Building up and promoting a racquet customizing business will reap rewards for you, and give your players unparalleled service.
ost racquet manufacturers have many different frames available for all types of players. Generally, racquet makers cast a wide net and try to snare as many players as they can with their different models. But, as a stringer, teaching pro, or pro shop or facility operator, you know that rarely do your players fit perfectly into the racquet manufacturer’s mold when it comes to a frame that can best help their game. In just about every case, your customers’ games can benefit from some type of racquet customization. Players should never have to change their games to adapt to a frame that is wrong for their style of play. It’s like buying a new suit. Sure, there are off-the-rack suits that will fit fine, but to really look the best on you, the suit will need some tailoring. Certainly, touring pros—and many serious recreational or tournament players—“tailor” their frames to get the best performance possible. For your customers, a properly customized racquet can improve their games and help prevent or lessen injuries, such as arm and shoulder problems. For you, it can be a gold mine—possibly the greatest untapped gold mine in the tennis retailing and racquet service business. A customized racquet can add $20 to $50 to every sale, and it is the No. 1 service that you can provide to differentiate yourself as a consummate expert and to make your shop a truly “total” racquet-service establishment. Not only do you want to handle all your customers’ stringing needs, but for players looking for that “perfect” frame or looking to “match” their racquets, you need to let them know that adjustments you can make to their grip and racquet weight, balance, and swingweight will help them play better. Why do so few shops customize frames? Is it lack of knowledge and equipment, or is it fear of the unknown? It’s probably a mix of all of the above. But there are a number of resources that you can use to increase your knowledge in this area and help you become familiar with the customizing process. In this and subsequent articles in RSI, you’ll learn how you can customize your players’ frames, and build your customization business.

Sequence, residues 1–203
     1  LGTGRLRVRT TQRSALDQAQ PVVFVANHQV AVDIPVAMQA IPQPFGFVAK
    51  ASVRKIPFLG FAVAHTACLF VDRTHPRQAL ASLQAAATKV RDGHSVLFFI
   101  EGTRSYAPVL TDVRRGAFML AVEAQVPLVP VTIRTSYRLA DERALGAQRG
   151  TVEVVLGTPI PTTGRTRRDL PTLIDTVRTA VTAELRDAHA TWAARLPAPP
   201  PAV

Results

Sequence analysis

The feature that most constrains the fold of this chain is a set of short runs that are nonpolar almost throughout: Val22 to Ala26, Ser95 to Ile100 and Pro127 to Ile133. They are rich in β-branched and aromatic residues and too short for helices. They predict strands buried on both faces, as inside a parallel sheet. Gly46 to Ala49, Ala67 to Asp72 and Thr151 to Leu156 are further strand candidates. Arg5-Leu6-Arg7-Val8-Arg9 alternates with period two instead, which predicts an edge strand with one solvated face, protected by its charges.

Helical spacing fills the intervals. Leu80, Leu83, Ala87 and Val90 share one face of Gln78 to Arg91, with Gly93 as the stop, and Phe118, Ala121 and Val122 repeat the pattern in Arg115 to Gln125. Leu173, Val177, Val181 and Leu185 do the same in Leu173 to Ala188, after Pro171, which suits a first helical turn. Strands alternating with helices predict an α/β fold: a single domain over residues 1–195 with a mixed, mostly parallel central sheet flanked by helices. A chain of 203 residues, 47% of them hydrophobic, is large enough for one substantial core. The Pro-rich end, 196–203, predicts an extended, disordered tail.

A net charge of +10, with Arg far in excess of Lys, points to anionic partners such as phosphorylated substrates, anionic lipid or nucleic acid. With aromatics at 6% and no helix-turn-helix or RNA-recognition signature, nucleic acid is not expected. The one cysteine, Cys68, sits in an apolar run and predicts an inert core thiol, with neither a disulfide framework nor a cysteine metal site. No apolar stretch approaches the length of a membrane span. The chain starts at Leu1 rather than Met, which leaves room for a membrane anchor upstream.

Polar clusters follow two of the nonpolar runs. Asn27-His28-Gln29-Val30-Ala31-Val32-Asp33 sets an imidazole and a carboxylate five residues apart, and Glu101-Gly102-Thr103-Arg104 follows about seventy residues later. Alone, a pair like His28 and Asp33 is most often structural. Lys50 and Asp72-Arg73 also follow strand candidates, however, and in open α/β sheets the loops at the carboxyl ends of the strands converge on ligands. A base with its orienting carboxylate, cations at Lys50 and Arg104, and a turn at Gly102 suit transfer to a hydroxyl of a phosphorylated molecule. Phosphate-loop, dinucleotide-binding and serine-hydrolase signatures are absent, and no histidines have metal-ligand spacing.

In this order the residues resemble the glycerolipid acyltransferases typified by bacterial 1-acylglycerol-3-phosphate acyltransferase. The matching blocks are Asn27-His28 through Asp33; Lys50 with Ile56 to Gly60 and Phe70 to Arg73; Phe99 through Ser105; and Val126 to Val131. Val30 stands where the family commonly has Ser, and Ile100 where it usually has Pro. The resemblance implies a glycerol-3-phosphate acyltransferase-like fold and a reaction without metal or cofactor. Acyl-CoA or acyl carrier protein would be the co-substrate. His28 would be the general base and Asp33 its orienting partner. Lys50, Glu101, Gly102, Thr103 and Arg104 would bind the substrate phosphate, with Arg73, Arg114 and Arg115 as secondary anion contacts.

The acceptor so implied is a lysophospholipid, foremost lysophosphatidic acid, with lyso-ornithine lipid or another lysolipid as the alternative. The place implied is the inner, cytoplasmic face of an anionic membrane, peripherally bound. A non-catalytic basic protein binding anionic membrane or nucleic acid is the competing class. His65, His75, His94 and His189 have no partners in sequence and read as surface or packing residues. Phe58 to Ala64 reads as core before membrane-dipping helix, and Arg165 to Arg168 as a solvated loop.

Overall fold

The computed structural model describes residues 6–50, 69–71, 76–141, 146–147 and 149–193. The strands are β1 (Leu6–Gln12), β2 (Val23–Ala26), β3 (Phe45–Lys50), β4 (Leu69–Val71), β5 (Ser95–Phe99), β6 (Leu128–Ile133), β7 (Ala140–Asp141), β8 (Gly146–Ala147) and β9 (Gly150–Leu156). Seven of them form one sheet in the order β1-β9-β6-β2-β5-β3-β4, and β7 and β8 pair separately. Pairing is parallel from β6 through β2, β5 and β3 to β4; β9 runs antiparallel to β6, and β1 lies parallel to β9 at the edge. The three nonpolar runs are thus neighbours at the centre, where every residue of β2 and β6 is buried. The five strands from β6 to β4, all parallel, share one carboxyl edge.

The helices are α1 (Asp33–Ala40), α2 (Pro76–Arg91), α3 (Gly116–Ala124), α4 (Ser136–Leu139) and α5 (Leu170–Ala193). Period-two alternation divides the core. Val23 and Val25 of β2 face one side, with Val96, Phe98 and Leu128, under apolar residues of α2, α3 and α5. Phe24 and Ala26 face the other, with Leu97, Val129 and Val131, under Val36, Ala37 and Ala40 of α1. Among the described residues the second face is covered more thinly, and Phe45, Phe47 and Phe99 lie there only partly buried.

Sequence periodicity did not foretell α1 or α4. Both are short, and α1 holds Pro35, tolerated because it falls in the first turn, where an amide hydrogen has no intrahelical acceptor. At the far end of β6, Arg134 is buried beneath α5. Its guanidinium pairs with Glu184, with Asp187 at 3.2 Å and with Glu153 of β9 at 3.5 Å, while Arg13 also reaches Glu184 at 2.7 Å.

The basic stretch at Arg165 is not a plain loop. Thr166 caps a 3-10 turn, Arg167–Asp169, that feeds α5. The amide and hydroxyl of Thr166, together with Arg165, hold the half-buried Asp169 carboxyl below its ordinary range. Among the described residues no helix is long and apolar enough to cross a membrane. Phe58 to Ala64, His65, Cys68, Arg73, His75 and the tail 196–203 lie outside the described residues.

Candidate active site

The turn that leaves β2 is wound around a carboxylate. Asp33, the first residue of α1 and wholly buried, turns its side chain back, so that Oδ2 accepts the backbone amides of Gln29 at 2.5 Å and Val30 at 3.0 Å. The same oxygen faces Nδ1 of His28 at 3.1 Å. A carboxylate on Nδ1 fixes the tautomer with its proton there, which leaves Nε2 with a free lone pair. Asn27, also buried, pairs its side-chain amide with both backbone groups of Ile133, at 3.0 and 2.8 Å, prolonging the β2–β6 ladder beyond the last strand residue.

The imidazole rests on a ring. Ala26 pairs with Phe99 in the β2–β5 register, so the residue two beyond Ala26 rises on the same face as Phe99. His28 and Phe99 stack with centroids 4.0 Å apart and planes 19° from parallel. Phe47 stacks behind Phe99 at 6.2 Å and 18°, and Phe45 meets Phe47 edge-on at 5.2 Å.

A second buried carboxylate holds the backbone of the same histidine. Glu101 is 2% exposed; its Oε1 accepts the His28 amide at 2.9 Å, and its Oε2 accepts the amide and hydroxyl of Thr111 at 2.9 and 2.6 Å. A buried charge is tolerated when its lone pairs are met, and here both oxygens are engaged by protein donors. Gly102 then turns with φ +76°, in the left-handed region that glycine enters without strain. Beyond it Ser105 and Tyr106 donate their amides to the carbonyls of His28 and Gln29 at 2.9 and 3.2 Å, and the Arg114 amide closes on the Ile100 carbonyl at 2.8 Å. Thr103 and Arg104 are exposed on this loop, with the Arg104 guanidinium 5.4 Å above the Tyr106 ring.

Why Customize?
Customizing a racquet can affect a shot’s depth, spin, angle, and speed, as well as the feel, comfort, and safety of that shot to the player. It is truly a service that can make the technician/retailer/pro a hero to the customer. The first step in customizing a racquet is to help your customer purchase the right frame off the shelf to begin with. This, of course, is done with a subsequent view to “optimization,” for which you plant the seeds with the customer during the selection process with statements like, “This racquet best meets your requirements on average, and we can then adjust its power, control, and comfort to optimize and match it to your needs and abilities.” Again, like buying a new suit, you want the off-the-rack product to be a good base from which you can start making alterations. The off-the-shelf racquet is just the beginning of the racquet fitting process. The new racquet is just a template from which to create your customized work of art and to demonstrate your expertise. Even though all racquets should undergo some type of customization, today the most common reason to customize a frame is probably to match racquets. Player’s with multiple racquets want all of them to feel exactly the same for every movement in every direction. You can customize frames by adding the correct amount of weight to the correct locations, which usually involves adding lead tape to one to three locations on the racquet. The goal is to match all the so-called racquet “weights”: stationary weight, swingweight, twistweight, recoilweight, spinweight, and hittingweight, as well as the balance point. Keep in mind that it’s much easier to add weight to a frame than it is to take weight away. Also, you can’t change the stiffness of a frame, so when matching racquets, make sure your customer buys frames with the same stiffness. Another reason to customize a frame is to optimize performance. The goal is to alter feel, power, control, and/or comfort. Optimization involves experimenting with adding weight to various locations and then having the customer hit with the frame to see how that affects performance. By trial and error and intelligent lead-tape placements (i.e., knowing the probable effect of each placement), the player will find a combination that he or she likes best. In general, serve-and-volleyers like lighter more maneuverable setups and baseliners like a setup with greater weight and swingweight. A third reason to customize a frame is for stroke adjustment. For example, if a player is hitting too early, adding weight toward the tip will slow the head down. If the player is